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Bring Your Chargers Everywhere

The worst place to have your phone die is when your one hour library study session turns into five and you’re suddenly walking home at 1 am instead of 7 pm. College is unpredictable, and you never know who might be texting, when you’ll get a heads up on the next pop quiz, or when you’ll decide that a day-long cram session is in order instead of just a few hours in class. Concerned about cords getting tangled in your bag? Take the ends or your charger, fold it in half twice, then tie it in a single knot. Easy to untie and tangle-free!

 

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Spend Less on Textbooks

Let me clarify: by spending less on textbooks, I don’t mean to stop buying the textbooks you need. College is about studying smarter, not harder, but it’s also about spending smarter, not more. A college student spends up to $200 per textbook, in a survey done by the College Board. 65% of respondents said that the price of textbooks deferred them from purchasing them. First semester of my freshman year, just one of my textbooks came to $125 + tax {my least favorite part of shopping}. Cengage Unlimited  not only allows you to access their library of eBooks, but their 22,000 item digital library also includes access to digital learning platforms, and study tools. The course materials include over 70 different areas of study. This access comes at $119.99 a semester, making it the more affordable option to traditional print textbooks. If you prefer print, you can rent one of theirs for a low rental fee + shipping if you use a digital learning platform. When your subscription ends, you get to keep up to six eBooks in your digital locker for a year with anytime access.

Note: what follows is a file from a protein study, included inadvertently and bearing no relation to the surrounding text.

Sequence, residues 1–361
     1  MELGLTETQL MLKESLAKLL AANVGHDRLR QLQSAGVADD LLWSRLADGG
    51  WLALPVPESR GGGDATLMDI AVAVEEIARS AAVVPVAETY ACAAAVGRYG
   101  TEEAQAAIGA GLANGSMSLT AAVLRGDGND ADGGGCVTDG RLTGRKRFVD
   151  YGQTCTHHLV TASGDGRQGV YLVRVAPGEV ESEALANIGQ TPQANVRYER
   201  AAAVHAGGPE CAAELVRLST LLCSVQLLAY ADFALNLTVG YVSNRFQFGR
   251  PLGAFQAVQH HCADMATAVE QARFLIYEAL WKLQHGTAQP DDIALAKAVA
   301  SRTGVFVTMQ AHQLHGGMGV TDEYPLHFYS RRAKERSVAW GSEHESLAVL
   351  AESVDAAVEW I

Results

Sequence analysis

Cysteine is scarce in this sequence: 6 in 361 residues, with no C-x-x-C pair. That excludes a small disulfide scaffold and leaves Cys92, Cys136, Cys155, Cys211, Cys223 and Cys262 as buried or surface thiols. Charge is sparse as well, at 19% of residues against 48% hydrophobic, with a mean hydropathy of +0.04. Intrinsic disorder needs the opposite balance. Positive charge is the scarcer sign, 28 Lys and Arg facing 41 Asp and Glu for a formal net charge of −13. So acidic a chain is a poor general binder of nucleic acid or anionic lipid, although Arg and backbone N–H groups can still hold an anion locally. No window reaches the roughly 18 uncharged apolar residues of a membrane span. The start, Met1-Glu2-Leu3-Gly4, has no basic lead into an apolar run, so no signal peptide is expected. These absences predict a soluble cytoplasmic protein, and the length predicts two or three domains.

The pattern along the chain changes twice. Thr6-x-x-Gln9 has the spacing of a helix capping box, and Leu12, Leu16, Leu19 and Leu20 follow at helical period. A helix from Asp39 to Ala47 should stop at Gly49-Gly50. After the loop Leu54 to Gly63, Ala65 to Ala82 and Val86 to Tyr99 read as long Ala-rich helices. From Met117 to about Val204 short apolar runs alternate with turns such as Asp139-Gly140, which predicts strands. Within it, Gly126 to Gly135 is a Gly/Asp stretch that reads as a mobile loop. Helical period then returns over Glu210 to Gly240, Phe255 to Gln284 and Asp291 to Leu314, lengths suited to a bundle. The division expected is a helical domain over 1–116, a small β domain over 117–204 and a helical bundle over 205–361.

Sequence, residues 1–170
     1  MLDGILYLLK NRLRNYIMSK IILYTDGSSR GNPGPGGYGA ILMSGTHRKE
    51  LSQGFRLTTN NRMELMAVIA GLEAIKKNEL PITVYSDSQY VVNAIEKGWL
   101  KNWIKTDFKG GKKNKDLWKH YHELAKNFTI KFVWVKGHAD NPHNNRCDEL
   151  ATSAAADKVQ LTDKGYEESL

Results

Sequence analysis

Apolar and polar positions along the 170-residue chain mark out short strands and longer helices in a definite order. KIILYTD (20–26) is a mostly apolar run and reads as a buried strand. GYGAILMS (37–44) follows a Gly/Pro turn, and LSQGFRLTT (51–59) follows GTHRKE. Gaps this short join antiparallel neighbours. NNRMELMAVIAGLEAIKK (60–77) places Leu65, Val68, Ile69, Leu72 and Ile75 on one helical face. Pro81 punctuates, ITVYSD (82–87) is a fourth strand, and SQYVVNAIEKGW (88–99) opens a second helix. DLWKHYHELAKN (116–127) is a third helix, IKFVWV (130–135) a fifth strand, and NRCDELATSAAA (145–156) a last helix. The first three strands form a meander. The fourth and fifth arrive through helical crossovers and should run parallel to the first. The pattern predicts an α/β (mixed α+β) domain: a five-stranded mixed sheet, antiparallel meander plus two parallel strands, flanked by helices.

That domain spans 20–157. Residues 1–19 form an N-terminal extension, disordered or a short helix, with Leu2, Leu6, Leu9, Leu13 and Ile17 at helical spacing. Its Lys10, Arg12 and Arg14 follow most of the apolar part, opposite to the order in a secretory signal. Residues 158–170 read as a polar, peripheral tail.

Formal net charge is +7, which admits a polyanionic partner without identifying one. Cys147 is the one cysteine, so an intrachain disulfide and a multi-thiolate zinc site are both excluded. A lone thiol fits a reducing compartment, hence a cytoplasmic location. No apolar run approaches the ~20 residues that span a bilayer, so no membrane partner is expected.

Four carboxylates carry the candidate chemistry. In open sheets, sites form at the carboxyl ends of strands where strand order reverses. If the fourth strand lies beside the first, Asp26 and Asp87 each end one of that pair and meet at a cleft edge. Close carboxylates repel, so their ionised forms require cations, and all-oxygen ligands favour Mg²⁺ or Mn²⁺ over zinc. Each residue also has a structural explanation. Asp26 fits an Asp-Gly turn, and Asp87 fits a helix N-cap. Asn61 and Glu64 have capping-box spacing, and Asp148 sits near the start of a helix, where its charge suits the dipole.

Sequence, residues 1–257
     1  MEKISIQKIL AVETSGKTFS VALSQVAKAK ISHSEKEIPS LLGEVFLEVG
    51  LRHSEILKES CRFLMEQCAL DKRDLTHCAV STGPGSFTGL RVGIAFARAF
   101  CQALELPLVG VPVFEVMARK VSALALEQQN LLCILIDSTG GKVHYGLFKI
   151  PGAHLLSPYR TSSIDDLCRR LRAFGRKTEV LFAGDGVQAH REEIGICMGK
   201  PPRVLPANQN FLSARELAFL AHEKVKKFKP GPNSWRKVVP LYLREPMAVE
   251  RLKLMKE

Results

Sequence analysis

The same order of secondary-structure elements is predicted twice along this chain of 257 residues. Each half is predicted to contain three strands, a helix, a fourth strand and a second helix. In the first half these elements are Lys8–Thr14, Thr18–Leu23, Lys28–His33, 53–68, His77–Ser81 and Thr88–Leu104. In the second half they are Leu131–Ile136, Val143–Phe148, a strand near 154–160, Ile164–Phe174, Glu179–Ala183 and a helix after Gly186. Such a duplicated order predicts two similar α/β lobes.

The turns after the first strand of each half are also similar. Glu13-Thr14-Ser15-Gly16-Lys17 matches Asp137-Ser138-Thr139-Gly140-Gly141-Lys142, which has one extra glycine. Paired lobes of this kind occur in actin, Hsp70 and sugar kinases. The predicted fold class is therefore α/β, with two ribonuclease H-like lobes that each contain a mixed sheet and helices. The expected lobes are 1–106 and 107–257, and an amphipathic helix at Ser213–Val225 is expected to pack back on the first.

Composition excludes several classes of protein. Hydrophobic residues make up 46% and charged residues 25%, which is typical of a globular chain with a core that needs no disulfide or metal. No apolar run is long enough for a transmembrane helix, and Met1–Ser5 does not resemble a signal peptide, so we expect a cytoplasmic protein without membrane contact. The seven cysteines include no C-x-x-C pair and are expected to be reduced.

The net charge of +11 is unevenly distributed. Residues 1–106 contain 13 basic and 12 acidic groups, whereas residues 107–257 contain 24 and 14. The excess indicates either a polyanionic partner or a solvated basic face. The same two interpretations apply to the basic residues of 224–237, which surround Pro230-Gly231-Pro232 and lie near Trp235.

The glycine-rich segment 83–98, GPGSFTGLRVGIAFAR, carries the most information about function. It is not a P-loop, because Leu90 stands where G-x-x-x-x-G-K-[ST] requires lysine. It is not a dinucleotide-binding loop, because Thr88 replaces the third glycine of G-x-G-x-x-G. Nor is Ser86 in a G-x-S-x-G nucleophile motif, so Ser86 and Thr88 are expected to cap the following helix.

Keep a Calendar

On your phone, on your desk, in the form of an agenda, really whatever works for you! I was a mess trying to remember deadlines and schedules until I started writing things down. What I found worked best for me was having one physical agenda for school, one physical agenda for my blog schedule, and using my phone calendar to combine everything: school, work, blog, travel, appointments, you get the idea.

 

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Know Your Rhythm

Above all, I think the biggest mistake I made freshman year was listening to how other people thought I should study. I think it’s important to always be listening to new ways to study, but if it doesn’t feel natural, don’t do it. A professor of mine swore up and down that Cornell notes were the solution to every studying problem, but for me, they felt just unnatural and forced. I’d rather separate my notes into multiple headings, sub-headings, bullets, etc. more like an outline. Freshman year I tried arranging things on note cards. They haven’t worked for me since I first tried them in first grade, so it’s no surprise that I was struggling when I was made to try them again. I’ve had the adults in my life tell me “college is where you find yourself” so many times that at this point it’s become a cliché. Turns out it’s true, I just didn’t think finding myself would include standing up for how I study.

 

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My new goal for the next school year? Less time spent trying trying to juggle school work, schedules, and school supplies, and more time spent getting things done.

 

 

xx,

E